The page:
6 reasons to avoid booking through an online travel agency

May 1, 2020

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Since I’ve taken over the change and cancellation beat here at TPG, I’ve received tons of reader emails and Instagram messages with personal questions. I love helping our readers, and I quickly started noticing a pattern: most people were writing in with horror stories from travel booked with an online travel agency (OTA) like Expedia or Priceline.

Booking through an OTA may work out just fine when things go according to plan, but it’s a whole different story when travel arrangements change. I’ve always avoided using OTAs, but the coronavirus pandemic has really hammered my point home — it (almost) never makes sense to book through an OTA. Read on for why.

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In This Post

Cancellation and change fees are more punitive than booking direct

Did you know that many OTA impose fees for making changes and cancellations, in addition to whatever your airline charges? Yes, that’s right. For instance, Priceline charges $30 per ticket for any changes, cancellations or refunds. Kiwi.com also charges a handling fee for any voluntary changes that varies based on the fare you purchase.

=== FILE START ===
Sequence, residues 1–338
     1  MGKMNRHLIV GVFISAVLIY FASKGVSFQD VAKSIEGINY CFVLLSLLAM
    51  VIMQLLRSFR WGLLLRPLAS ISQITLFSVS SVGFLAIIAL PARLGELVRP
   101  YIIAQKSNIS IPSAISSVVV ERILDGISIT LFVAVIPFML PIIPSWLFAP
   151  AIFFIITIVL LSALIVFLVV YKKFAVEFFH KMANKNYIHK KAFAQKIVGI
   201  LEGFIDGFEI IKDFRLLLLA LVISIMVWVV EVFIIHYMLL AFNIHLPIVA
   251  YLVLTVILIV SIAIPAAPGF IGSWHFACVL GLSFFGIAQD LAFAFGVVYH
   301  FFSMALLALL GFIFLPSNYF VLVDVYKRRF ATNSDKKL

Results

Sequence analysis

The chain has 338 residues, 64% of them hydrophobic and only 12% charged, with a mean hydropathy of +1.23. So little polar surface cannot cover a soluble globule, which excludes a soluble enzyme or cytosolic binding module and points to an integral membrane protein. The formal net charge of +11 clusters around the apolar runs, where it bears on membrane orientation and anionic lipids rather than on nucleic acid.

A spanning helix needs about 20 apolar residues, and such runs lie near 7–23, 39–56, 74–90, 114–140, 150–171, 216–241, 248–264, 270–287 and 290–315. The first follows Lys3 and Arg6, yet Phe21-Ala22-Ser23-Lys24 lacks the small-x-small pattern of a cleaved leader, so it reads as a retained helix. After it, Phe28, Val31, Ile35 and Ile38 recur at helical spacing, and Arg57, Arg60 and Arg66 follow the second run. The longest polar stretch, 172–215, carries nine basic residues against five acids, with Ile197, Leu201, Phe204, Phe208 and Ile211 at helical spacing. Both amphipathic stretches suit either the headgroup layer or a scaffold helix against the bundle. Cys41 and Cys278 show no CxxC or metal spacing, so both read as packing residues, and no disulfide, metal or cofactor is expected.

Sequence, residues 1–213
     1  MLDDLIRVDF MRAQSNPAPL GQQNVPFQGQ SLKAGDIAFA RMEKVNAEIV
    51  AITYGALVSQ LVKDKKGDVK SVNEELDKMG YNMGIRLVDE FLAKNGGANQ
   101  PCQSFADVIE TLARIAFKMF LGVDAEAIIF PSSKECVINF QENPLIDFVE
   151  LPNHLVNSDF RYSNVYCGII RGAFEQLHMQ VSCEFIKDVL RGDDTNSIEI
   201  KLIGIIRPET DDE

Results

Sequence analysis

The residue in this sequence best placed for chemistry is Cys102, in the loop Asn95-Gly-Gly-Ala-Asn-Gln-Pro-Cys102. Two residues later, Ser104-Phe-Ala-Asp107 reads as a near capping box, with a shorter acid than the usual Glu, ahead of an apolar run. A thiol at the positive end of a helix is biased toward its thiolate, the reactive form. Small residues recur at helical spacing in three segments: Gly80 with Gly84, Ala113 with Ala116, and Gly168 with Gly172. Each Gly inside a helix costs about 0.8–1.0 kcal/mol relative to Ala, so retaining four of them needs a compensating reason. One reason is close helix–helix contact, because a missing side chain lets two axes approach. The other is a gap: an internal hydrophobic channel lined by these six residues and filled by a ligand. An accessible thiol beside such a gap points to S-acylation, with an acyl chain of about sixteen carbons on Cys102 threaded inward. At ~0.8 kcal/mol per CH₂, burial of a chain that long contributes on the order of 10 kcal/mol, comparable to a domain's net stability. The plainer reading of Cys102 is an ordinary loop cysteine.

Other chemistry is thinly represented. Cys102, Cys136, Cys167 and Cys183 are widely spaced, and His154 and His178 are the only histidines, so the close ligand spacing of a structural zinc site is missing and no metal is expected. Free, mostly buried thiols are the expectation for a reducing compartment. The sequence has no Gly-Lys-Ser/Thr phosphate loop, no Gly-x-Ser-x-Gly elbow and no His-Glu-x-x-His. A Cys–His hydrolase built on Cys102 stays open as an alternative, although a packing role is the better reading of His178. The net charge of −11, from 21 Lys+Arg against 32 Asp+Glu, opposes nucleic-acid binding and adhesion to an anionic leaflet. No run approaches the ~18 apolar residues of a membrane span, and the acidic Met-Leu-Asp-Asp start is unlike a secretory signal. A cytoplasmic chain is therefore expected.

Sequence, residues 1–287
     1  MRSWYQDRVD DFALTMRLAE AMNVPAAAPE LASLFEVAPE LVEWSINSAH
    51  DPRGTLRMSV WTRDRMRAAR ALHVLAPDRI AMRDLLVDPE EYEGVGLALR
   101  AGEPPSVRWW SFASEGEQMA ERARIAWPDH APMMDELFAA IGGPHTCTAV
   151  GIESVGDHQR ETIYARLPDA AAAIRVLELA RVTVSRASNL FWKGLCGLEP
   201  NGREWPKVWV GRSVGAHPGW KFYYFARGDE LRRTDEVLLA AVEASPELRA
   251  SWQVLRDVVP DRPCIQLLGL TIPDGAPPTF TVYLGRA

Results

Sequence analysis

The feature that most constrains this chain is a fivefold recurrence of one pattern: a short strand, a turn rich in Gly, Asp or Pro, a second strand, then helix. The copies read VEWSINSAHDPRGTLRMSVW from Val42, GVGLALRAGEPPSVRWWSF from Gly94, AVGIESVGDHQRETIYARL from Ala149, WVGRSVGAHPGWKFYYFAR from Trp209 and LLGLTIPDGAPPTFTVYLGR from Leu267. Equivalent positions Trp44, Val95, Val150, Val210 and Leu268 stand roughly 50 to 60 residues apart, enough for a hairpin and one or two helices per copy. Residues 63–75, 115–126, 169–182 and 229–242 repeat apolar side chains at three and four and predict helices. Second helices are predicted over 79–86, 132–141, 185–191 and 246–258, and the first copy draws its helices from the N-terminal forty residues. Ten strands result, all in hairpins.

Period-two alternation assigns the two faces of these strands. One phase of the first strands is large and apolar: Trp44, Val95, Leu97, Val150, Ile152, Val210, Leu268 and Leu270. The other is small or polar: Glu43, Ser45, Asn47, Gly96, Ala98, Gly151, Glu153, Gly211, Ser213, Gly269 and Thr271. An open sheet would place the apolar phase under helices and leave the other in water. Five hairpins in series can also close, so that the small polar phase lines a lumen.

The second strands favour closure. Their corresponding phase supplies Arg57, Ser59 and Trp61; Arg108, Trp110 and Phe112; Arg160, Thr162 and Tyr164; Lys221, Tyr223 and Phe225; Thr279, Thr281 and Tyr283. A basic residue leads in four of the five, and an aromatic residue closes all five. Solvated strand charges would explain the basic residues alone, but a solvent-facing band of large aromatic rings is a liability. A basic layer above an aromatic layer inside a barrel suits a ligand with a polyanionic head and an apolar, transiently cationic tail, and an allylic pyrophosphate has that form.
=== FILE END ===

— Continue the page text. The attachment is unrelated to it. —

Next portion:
In light of the coronavirus, all the major OTAs have pledged to match the policy of your travel provider (and omit their handling charges). So, say you booked a Delta ticket with Orbitz, you’ll be bound by Delta’s change fee waivers. But, before (and most likely after) the coronavirus, all the aforementioned fees applied.

(Photo by Zach Griff/ThePoints Guy)

Even though the big players have taken mercy on travellers, some smaller OTAs are still imposing their own penalties, even if an airline gives them the authorization to refund a ticket. For instance, a reader described that her ANA flight was cancelled, yet OVAGO only offered a refund less a $200 cancellation fee.

Though some OTAs never impose additional service charges, why would you complicate things and add a middleman to the process if you don’t need to? Unless you find a fare you can’t book directly with an airline or hotel, there’s little reason to use an OTA.

Getting a refund is like pulling teeth

One thing I’ve heard time and again is how hard it is to get a refund for cancelled flights or hotels, even if you’re entitled to one. Here’s the thing: some airlines are making it incredibly hard to determine if you’re eligible for a refund (hint: you most likely are). Booking through an OTA complicates things further, since they need to check with the airline if they can process a refund on your behalf.

Related: These cancellation horror stories show why you should think twice before booking through an OTA